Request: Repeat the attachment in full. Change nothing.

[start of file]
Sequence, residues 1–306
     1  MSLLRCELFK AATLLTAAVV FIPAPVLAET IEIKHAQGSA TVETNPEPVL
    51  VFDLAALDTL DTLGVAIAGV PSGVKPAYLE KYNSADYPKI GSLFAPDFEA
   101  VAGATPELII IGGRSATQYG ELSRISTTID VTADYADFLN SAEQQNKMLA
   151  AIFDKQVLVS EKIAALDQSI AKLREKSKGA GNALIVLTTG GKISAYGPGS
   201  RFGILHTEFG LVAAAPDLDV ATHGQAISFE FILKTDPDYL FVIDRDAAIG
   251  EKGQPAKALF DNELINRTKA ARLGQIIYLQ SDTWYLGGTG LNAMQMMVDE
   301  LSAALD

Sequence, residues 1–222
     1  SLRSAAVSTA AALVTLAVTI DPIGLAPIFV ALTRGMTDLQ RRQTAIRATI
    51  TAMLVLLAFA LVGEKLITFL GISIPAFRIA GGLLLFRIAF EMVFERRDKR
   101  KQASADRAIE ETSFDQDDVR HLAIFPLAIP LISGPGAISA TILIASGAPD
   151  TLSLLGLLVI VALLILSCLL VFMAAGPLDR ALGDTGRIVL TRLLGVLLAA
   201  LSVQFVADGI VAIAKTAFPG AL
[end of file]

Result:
Sequence, residues 1–306
     1  MSLLRCELFK AATLLTAAVV FIPAPVLAET IEIKHAQGSA TVETNPEPVL
    51  VFDLAALDTL DTLGVAIAGV PSGVKPAYLE KYNSADYPKI GSLFAPDFEA
   101  VAGATPELII IGGRSATQYG ELSRISTTID VTADYADFLN SAEQQNKMLA
   151  AIFDKQVLVS EKIAALDQSI AKLREKSKGA GNALIVLTTG GKISAYGPGS
   201  RFGILHTEFG LVAAAPDLDV ATHGQAISFE FILKTDPDYL FVIDRDAAIG
   251  EKGQPAKALF DNELINRTKA ARLGQIIYLQ SDTWYLGGTG LNAMQMMVDE
   301  LSAALD

Sequence, residues 1–222
     1  SLRSAAVSTA AALVTLAVTI DPIGLAPIFV ALTRGMTDLQ RRQTAIRATI
    51  TAMLVLLAFA LVGEKLITFL GISIPAFRIA GGLLLFRIAF EMVFERRDKR
   101  KQASADRAIE ETSFDQDDVR HLAIFPLAIP LISGPGAISA TILIASGAPD
   151  TLSLLGLLVI VALLILSCLL VFMAAGPLDR ALGDTGRIVL TRLLGVLLAA
   201  LSVQFVADGI VAIAKTAFPG AL